Michael O’Neill and Northern Ireland are now tantalisingly close to qualifying for Euro 2016.  The team took four points out of six over a prolonged weekend of action and sit top of Group F, two points shy of booking a place at the finals tournament in France.
On Friday night it looked first like the campaign could stall for the Green and White Army, then it seemed like qualification would be secured as early as Monday.  Playing against the Faroe Islands in Torshavn, Northern Ireland made heavy work of their 3-1 victory, after getting off to a perfect start and taking a 1-0 lead in the twelfth minute.

The Islanders capitalised on Stuart Dallas’s defensive howler and equalised before half-time, then, in the second half, O’Neill’s side struggled to break-down a resolute Faroes’ defence.  Only when their opponents were reduced to ten men, after goal-scorer Edmundsson had received a second yellow card, did Northern Ireland dominate convincingly.  Goals from McAuley and Lafferty finished off a tiring Faroes’ team, who looked increasingly ragged.

The victory allowed Northern Ireland to take charge of the group, one point ahead of unbeaten Romania and four ahead of Hungary.  The fans’ attention turned immediately to Monday night’s clash with Hungary, where three points would secure qualification.
It wasn’t to be.

Although Northern Ireland dominated territory and enjoyed the greater proportion of chances, the team’s attacks were predictable and didn’t look likely to break down their opponents.  A goalkeeping error by Michael McGovern gave Hungary a 74th minute lead and then Chris Baird was sent-off controversially for two yellow cards obtained during the same incident.  It looked like the Hungarians had clawed their way back into contention for second place in the group.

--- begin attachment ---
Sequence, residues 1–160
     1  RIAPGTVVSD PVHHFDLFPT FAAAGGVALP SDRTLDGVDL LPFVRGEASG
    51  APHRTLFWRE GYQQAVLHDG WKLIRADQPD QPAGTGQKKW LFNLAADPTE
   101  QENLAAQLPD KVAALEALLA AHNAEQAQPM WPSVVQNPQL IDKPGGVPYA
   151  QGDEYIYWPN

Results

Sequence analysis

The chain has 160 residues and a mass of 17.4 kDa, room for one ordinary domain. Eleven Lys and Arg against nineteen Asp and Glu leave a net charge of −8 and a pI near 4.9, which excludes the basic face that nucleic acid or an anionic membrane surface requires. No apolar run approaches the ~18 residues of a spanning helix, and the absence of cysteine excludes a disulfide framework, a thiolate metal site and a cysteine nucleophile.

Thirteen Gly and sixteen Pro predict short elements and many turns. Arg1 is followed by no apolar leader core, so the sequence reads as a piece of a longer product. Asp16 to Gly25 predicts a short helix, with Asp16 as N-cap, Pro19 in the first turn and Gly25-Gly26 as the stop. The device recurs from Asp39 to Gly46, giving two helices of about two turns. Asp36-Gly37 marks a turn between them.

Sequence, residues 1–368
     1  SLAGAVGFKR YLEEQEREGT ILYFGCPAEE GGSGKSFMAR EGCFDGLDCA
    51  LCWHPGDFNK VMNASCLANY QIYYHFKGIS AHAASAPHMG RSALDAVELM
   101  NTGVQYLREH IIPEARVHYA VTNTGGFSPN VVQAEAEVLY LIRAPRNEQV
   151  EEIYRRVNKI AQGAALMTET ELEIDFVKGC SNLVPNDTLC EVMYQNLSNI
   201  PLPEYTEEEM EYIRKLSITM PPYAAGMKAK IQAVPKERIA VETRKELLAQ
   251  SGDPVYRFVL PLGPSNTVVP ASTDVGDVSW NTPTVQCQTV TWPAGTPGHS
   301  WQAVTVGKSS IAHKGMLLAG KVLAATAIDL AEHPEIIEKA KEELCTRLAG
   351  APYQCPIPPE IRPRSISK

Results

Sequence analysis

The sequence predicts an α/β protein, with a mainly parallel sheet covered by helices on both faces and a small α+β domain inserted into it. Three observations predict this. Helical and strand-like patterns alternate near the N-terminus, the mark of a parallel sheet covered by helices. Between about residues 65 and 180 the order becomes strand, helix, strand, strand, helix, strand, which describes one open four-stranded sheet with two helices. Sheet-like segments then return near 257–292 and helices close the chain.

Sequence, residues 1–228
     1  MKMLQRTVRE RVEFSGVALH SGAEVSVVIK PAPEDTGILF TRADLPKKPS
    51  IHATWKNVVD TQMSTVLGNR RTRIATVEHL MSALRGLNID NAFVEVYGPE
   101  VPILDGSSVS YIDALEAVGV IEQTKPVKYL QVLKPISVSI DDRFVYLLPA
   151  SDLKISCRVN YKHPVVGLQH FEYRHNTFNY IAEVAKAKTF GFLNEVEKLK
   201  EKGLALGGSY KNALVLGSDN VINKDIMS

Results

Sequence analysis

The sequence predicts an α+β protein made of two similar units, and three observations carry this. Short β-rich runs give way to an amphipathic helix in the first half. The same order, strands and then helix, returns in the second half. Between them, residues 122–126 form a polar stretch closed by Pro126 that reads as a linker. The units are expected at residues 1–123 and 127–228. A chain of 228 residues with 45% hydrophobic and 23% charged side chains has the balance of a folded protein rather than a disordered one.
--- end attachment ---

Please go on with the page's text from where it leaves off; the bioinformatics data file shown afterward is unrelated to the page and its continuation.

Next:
Thankfully, deep in stoppage time, Hungary’s goalkeeper parried a Niall McGinn effort into Kyle Lafferty’s path and the Fermanagh man planted a shot into the roof of the net, which means Northern Ireland are still favourites to qualify.  It was a hard won point which came at a price.  Baird, Lafferty and Conor McLaughlin will be suspended when their team plays Greece next month.
The absence of Lafferty is especially worrying.  This campaign has propelled him to second place in Northern Ireland’s all-time goal-scorers’ list, behind only David Healy.  His goals have largely been responsible for a successful campaign so far and it’s difficult to see who else can offer a similar attacking threat.

Michael O’Neill has chosen to use the Kilmarnock forward Josh Magennis in a supporting role from the substitute’s bench.  Magennis offers some physical attributes, but his strike rate is less than prolific.  Whoever fills the striker’s position will hope to have more effective support from their fellow forwards in October.  On Monday evening the bulk of the attacking threat came from set-pieces rather than creative play. 
It might seem blatantly obvious, but Northern Ireland’s main challenge against Greece will be to score goals.  It’s easy to envisage a 0-0 draw and the team travelling to its final game in Finland still needing another point to ensure qualification.  That is a scenario that Michael O’Neill will want to avoid, if possible. 

No-one ever said it was supposed to be easy getting to a major tournament finals.

Sunday, 6 September 2015

The migration crisis is a long-term problem

Migrants on the march in Hungary.